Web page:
The absence of form
Delbridge, Matthew (2010) The absence of form. In TaPRA Dealing with Digital Symposium 2010, March 20th 2010, Bedford Square, London. (Unpublished)
what was silent will speak, what is closed will open and will take on a voice
The fundamental problem in dealing with the digital is that we are forced to contend with a fundamental deconstruction of form. A deconstruction that renders our content and practice into a single state that can be openly and easily manipulated, reimagined and mashed together in rapid time to create completely unique artefacts and potentially unwranglable jumbles of data. Once our work is essentially broken down into this series of number sequences, (or bytes), our sound, images, movies and documents – our memory files - we are left with nothing but choice….and this is the key concern. This absence of form transforms our work into new collections and poses unique challenges for the artist seeking opportunities to exploit the potential of digital deconstruction. It is through this struggle with the absent form that we are able to thoroughly explore the latent potential of content, exploit modern abstractions of time and devise approaches within our practice that actively deal with the digital as an essential matter of course.
Citation countsare sourced monthly fromand citation databases.
These databases contain citations from different subsets of available publications and different time periods and thus the citation count from each is usually different. Some works are not in either database and no count is displayed. Scopus includes citations from articles published in 1996 onwards, and Web of Science generally from 1980 onwards.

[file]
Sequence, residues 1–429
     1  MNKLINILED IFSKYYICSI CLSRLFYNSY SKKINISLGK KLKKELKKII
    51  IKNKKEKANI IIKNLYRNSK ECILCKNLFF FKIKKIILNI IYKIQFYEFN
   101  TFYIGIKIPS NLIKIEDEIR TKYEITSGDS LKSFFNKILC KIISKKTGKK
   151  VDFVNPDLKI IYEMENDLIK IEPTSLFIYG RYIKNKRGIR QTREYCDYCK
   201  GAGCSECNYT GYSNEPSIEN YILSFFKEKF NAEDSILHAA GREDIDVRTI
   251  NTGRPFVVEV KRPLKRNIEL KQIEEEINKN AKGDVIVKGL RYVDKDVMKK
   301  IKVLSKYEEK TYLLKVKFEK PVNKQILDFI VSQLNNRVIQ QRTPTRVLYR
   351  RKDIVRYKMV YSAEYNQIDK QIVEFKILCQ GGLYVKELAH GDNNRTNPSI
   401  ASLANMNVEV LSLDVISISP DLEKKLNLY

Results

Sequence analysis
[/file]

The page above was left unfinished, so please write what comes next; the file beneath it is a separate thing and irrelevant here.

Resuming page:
Citations counts from theindexing service can be viewed at the linked Google Scholar™ search.
Full-text downloadsdisplays the total number of times this work’s files (e.g., a PDF) have been downloaded from QUT ePrints as well as the number of downloads in the previous 365 days. The count includes downloads for all files if a work has more than one.
|Item Type:||Conference Paper|
|Additional Information:||This was a virtual paper presented remotely from Brisbane, Australia|
|Keywords:||Digital Scenography, Interactive Performance, Time|
|Subjects:||Australian and New Zealand Standard Research Classification > STUDIES IN CREATIVE ARTS AND WRITING (190000) > PERFORMING ARTS AND CREATIVE WRITING (190400) > Drama Theatre and Performance Studies (190404)|
Australian and New Zealand Standard Research Classification > STUDIES IN CREATIVE ARTS AND WRITING (190000) > FILM TELEVISION AND DIGITAL MEDIA (190200) > Interactive Media (190205)
|Divisions:||Current > Schools > Drama|
Current > QUT Faculties and Divisions > Creative Industries Faculty
|Copyright Owner:||Copyright 2010 the author.|
|Deposited On:||13 May 2010 09:52|
|Last Modified:||22 May 2011 00:56|
Repository Staff Only: item control page